- Losing your job
- Suffering shame and humiliation
- Getting harassed by the media
- Failing relationships with family and friends
- Losing business revenue
Do You Have a Case for Slander?
If you are hoping to bring a slander lawsuit, the burden of proof will be on you. Plaintiffs generally have to show that they suffered tangible harm due to another’s deliberate or negligent actions. You have to prove that the defendant intended to harm or had a motive and that you personally or your business suffered damages.
Being a victim of slander can be upsetting. Having to deal with the fallout from a ruined reputation is often an overwhelming task for victims. If you are looking to clear your name, our defamation attorneys can help. In the first instance, we could determine whether you have a case. We can then help you navigate the legal system and file a lawsuit on your behalf.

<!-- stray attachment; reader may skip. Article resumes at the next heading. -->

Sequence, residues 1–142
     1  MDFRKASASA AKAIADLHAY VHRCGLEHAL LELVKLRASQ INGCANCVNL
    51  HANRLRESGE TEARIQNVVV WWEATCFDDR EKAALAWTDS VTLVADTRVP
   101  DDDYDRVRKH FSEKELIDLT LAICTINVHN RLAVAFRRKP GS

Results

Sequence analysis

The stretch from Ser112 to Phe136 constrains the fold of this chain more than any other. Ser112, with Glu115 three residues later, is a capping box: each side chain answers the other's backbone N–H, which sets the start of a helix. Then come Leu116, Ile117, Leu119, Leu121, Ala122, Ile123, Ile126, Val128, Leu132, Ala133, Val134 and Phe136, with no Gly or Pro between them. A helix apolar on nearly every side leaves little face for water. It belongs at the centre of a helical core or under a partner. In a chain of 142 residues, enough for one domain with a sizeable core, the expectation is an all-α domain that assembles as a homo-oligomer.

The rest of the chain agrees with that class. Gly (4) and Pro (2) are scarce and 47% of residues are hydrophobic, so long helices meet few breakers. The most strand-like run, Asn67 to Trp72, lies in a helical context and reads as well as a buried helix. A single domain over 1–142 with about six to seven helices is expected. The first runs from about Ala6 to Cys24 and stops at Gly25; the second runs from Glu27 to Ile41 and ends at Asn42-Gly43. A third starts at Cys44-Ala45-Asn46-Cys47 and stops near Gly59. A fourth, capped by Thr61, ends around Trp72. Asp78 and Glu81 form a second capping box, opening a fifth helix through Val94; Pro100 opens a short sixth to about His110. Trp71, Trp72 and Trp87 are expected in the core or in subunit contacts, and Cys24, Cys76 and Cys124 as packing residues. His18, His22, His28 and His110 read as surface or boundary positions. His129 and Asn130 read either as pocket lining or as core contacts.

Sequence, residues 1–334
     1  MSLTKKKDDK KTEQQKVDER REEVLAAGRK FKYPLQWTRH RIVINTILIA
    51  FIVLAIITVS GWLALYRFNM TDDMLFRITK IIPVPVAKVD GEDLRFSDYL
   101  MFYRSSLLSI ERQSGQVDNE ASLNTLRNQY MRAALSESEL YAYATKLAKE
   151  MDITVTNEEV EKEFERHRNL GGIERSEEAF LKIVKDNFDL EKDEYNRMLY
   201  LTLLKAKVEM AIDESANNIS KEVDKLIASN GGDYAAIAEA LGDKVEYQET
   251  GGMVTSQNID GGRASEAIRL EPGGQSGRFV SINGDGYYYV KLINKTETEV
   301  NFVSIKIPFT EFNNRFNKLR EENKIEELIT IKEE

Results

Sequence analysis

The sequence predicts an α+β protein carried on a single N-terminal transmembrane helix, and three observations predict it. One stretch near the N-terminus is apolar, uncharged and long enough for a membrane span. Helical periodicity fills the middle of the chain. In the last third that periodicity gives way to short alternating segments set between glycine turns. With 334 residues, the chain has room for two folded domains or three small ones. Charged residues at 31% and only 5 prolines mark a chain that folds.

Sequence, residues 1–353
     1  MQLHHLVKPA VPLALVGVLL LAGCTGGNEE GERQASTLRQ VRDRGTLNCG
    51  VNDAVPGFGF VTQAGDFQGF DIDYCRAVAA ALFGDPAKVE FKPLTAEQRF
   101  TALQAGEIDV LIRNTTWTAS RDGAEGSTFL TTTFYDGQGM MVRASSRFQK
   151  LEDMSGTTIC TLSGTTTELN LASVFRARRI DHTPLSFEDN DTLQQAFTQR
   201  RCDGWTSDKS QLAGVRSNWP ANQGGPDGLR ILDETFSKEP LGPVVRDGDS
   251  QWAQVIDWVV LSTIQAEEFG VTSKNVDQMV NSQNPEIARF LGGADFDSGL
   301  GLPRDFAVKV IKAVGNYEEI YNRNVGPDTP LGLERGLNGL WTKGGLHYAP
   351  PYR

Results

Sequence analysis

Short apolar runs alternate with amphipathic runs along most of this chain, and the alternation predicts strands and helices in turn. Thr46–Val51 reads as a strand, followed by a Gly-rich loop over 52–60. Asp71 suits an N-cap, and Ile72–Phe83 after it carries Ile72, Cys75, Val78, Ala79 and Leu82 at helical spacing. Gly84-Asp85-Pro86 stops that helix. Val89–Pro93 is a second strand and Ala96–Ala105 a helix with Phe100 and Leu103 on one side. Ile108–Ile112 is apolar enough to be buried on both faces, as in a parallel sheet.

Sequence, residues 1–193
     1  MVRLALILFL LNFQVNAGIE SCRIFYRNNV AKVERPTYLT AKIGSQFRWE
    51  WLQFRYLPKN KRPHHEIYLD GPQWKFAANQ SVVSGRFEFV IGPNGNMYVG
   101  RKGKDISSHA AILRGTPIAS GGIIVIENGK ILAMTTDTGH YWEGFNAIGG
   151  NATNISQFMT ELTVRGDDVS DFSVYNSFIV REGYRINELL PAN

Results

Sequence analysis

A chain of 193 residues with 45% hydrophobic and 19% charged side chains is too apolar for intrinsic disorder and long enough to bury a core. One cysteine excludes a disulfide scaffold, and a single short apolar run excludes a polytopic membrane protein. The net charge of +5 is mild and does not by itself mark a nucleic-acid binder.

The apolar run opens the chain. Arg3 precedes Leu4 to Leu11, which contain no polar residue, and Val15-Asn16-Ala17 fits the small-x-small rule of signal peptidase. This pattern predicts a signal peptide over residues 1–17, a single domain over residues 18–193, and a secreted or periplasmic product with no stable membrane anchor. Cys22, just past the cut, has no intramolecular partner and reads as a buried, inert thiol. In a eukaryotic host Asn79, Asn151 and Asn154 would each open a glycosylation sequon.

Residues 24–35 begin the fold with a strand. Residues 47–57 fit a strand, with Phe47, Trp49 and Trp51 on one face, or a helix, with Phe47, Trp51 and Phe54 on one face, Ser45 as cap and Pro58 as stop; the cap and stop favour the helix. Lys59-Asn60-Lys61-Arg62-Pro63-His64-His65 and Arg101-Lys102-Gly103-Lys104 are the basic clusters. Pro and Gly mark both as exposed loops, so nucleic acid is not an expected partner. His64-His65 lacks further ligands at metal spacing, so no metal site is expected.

Damages for Slander
If you suffered injury and losses due to a slanderous statement, you could qualify for damages, including but not limited to:
- Lost earnings or lost business opportunities
- Future lost earning capacity
- Costs to find new employment
- Medical bills for mental or physical health treatments
- Lost benefits such as health insurance, vacation time, and pension contributions
- Mental anguish
- Punitive damages
Monetary losses can be documented, for example, with bank statements, tax returns, and receipts. If you are looking to prove lost business revenue, you might need expert witnesses’ help to assess the financial impact of slander. Proving humiliation and emotional distress can be tricky in slander lawsuits. However, victims can use documentary evidence, third-party reports, and expert witness testimony to prove these types of non-economic damages.
An attorney can assess your damages after another individual attempts to destroy your reputation. Morgan & Morgan’s tenacious slander lawyers can leave no stone unturned in fighting for the compensation you need to rebuild your life after an attempted character assassination.